Before anyone panics and starts to raise a disciplinary case, I am not encouraging HR colleagues to get over friendly and amorous. Perish the thought. I simply want HR, when it comes to systems, data and metrics, to KEEP IT SIMPLE, STUPID!
Having worked in this field for a few more years than I care to remember (or even can remember) I am concerned at the unnecessary complexity that that seems to be occurring. When the majority of companies are still at the relatively early stages of their analytic journeys why would you over complicate and confuse the issues? Engage the business with the simplicity and clarity of thought and action.
If I am permitted to offer some advice to HR it would go something like this:
- You are not special!
I have lost count of the number of times that HRM’s have told me that the part of the business they look after is special/unique/different and therefore require a solution completely different to someone else within the same business. In most cases this is utter rubbish. No HR practitioner has yet been able to convince me that what they do is radically different to anyone else in a HR role. HR are there to support the business in ensuring that a group of employees are able to work in the most effective way be it through talent development, performance management, absence management etc. This doesn’t fundamentally differ from department to department, company to company. The benefit of being able to compare and contrast across common metrics far outweighs the need to be ‘special’.
- Be realistic
When it comes to your metrics be mindful of where you are on your analytic journey. Start simple and build the complexity as you gain engagement and interest but don’t try and run before you can walk. If you are starting out then stick with some basic Turnover, Absence or talent metrics for example. Don’t think that as you suddenly have a shiny new HR system with an abundance of data then you have to start in the sexy world of predictive analytics and predict who will have a sneaky day off a week next Tuesday.
- Don’t put square pegs in round holes
If you want to do justice to HR metrics and analytics within your organisation then employ people with the skillsets that you require. We do exist and some of us are even quite normal! Don’t expect your HRM’s or HRBP’s to fill this void. In my experience it is not a natural part of an HR Managers make up to be able to use Excel let alone anything more complicated. A spreadsheet full of data is likely to disengage an HRM faster than you can explain how to concatenate 2 cells. Don’t waste the HR communities time when they could be spending time understanding and working with the business.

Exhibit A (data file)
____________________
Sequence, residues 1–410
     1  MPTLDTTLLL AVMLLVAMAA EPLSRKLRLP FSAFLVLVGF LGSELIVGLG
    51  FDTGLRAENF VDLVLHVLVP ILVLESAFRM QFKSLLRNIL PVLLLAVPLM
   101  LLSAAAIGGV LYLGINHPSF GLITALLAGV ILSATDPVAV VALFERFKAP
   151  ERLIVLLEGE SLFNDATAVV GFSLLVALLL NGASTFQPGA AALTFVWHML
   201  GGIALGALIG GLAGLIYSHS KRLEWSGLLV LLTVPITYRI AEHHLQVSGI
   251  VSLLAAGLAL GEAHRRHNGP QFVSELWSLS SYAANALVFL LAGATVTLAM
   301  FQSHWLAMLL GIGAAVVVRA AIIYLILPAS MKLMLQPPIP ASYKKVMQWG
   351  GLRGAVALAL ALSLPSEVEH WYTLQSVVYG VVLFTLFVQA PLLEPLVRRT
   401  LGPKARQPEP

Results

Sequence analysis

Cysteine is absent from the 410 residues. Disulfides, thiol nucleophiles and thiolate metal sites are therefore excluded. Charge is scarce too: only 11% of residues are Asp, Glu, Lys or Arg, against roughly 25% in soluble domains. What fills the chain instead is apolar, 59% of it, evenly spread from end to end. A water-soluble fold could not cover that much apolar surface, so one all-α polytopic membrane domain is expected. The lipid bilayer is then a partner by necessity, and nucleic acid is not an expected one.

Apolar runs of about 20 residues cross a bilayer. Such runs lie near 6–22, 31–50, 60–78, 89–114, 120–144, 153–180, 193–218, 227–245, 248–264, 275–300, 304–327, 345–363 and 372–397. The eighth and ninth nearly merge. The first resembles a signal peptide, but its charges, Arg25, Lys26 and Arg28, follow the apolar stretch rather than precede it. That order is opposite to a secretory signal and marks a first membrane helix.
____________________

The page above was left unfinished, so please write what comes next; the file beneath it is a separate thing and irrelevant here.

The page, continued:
- Stop Customising!
Make use of the tools that are out there on the market but please, please, please stop customising them to such a great degree. It comes back to my first point – You are not special. A little configuration is fine but wholesale customisation is mad. If its so far away from what you want why did you buy it in the first place? Be prepared to rethink your current processes and when buying a new tool don’t just create everything you had before. Have an open mind, try to simplify and use the expertise of the HRIS vendors in having implemented these processes with many other customers. I have seen companies spend the equivalent of a small countries GDP to customise a process only to change it back again a year later when the personnel changed.
Sounds obvious but so few companies seem to do it. Is it not worth seeing what others in your industry are doing? Those firms that are likely to have the same challenges as you or who maybe slightly further down the path on their analytic journey – Why not learn from them?
- Lead from the top
If you as an HR Leader truly believe in the value of HR data and analytics then shout it from the rooftops. If you don’t then save your cash. You may have noticed that buying an HRIS or starting up an HR Analytics team isn’t cheap so why would you do this unless you are absolutely committed to make it work for you. Too often it seems that the idea of HR analytics is paid lip service and various parts of the business are allowed to opt in or out as the wind changes thus diluting the impact of what you are doing. Be strong as a leader, give visible support to your analytics team and demonstrate the value that metrics can have in understanding the business
So in summary
- Don’t think you are different to anyone else
- Don’t run before you can walk
- Get the right people
- Learn from others
- Ensure visible leadership from the top
Simple isn’t it!
Ross will be presenting on her analytics journey at EDF Energy at the Mission Critical HR Analytics Conference in London on 5 September 2018, alongside other analytics leaders from NHS England, McKinsey & Company, Citi Group and more. Please see the conference website for a full programme and how to book tickets.